To DeLong, in noting more than 50% of Northfield properties are considered tax exempt, commercial development reduces the city’s property tax burden and serves as the largest driver in economic growth. Still, he stressed that any approach must be formed through a collaborative council decision. DeLong also advocated for directly reaching out to businesses to gauge owner thoughts and suggested the possible introduction of a business incubation center.
Reister suggested the city achieve economic growth by helping existing businesses stay afloat during COVID-19. Instead of developing land on the edges of the city, Reister believes Northfield should build up large areas of land it already has. She also advocated for improving local amenities through efficiently developing the city’s parks and riverfront area.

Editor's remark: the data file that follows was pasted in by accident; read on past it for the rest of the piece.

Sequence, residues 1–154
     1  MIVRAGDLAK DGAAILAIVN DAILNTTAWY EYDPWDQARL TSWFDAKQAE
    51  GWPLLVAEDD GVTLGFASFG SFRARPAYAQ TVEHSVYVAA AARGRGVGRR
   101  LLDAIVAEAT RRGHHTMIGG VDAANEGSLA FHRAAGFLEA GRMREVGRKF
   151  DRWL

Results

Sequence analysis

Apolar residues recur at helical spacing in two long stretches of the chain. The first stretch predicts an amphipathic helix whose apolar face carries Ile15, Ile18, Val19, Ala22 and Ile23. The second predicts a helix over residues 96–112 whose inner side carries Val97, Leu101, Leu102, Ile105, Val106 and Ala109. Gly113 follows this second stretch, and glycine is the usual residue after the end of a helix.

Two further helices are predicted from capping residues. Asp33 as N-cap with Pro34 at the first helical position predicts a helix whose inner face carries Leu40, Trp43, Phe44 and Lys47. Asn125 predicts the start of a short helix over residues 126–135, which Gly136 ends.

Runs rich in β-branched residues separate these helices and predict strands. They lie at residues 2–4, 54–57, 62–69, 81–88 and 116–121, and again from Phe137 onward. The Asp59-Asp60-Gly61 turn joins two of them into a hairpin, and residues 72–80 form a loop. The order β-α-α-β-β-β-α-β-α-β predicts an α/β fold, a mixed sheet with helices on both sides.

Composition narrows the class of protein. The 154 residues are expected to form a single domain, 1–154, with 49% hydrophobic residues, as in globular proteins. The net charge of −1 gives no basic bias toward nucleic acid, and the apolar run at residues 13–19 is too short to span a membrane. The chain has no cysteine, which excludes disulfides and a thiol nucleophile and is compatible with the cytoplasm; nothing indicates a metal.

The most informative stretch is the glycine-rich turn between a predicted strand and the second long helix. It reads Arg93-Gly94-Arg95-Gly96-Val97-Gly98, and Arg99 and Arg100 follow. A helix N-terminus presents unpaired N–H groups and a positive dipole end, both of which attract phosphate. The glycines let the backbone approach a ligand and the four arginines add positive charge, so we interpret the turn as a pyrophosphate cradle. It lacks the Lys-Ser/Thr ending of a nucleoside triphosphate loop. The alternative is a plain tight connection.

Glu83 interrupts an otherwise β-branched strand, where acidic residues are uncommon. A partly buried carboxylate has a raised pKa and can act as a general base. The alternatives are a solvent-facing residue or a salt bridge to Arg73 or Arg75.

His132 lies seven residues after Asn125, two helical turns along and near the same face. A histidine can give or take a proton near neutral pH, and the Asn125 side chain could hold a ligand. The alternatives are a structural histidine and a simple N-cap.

To Stager, the council should market the community similar to other college cities like Palo Alto, California, and South Bend, Indiana. He said because more jobs are projected to be home-based as the pandemic continues, Northfield officials need to effectively market the city’s high quality of life. To Stager, Northfield could follow similar existential growth trends as Lakeville by developing its transportation options to the Twin Cities.
Climate Action Plan goals
As part of its Climate Action Plan, the city has committed to having carbon-neutral energy in place by 2040.
Ness said the financial impacts of related projects must be considered before moving ahead.